Portrait photography first became popular in the 1890s, but it was largely static and lacked creativity. It wasn’t until the late 1920s and early 1930s that portraiture became a real art form. In Egypt, this transformation was largely due to the influx of foreign photographers, namely the Armenians who were driven out of their homeland by the Turks during the 1915–1917 genocide.
One such photographer, whose family survived the genocide, was Levon Alexander Boyadjian. Levon, who later adopted the name Van Leo, was born in the town of Ceyhan near Adana, southern Turkey in 1921. His family survived the genocide because Levon’s father worked for the Berlin Baghdad Railway, a German company. Since the Ottomans were allied with the Germans in the Great War, the Turkish authorities spared the company’s Armenian employees from persecution and brutal deportation.
Nevertheless, Levon left Turkey in 1924 with his parents, brother, and sister to settle in Egypt. It was while growing up in cosmopolitan Cairo that Van Leo’s artistic abilities began to flourish. Captivated early on by the glamour photographs of Hollywood stars, he forged his way in this art form becoming the unrivaled master of portraiture, building a clientele which would become the who’s who of Egypt.One can easily argue that Van Leo was one of the best portrait photographers that Egypt ever produced. He had a rare ability to take control of his subjects and mold them in ways no other photographer could, similar to a sculptor handling clay. For him, image composition consisted mainly of manipulating the light and shadows. Whether he was shooting a wedding or a self-portrait, what distinguished his images was how and where he focused the lighting. I once read that his father used to get upset with him when he first started his photographic career because he spent more time photographing himself than his clients. In fact, that was his opportunity to experiment with these effects by composing hundreds of “selfies” before the term was invented.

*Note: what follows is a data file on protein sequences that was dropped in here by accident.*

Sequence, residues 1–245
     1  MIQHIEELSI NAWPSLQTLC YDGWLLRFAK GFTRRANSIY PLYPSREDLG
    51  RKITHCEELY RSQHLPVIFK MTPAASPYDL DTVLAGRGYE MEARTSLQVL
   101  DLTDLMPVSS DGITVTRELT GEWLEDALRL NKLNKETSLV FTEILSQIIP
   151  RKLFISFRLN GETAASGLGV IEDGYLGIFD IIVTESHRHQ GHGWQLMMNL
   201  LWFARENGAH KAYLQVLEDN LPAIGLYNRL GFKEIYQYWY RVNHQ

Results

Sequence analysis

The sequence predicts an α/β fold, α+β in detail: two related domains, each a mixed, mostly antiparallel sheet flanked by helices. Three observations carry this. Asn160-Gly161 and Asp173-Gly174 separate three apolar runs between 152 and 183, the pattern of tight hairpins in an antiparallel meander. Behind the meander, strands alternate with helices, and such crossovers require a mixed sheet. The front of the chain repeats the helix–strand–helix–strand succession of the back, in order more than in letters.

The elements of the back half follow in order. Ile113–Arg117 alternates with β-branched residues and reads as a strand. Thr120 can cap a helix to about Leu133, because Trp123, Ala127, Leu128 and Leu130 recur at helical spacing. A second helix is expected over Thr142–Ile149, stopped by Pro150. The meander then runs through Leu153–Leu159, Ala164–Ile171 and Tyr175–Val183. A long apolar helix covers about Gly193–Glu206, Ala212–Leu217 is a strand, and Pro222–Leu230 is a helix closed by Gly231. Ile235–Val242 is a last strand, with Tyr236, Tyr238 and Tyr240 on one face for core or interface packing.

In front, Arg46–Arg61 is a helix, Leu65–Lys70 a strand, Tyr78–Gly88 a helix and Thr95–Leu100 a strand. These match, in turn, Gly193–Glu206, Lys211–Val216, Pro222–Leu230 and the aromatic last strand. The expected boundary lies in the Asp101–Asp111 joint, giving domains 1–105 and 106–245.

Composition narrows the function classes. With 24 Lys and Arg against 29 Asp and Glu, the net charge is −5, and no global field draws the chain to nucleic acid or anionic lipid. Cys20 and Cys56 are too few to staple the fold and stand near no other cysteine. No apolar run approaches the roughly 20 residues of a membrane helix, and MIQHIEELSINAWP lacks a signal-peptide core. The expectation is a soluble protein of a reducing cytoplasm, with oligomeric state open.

The following exhibition contains rare images from the collections of Barry Iverson, Josef Polleross, Patrick Godeau, Norbert Schiller and the American University in Cairo. Polleross and Iverson contributed photo essays, and Iverson wrote the accompanying text. Zina Hemady edited the texts and adapted them for this exhibition.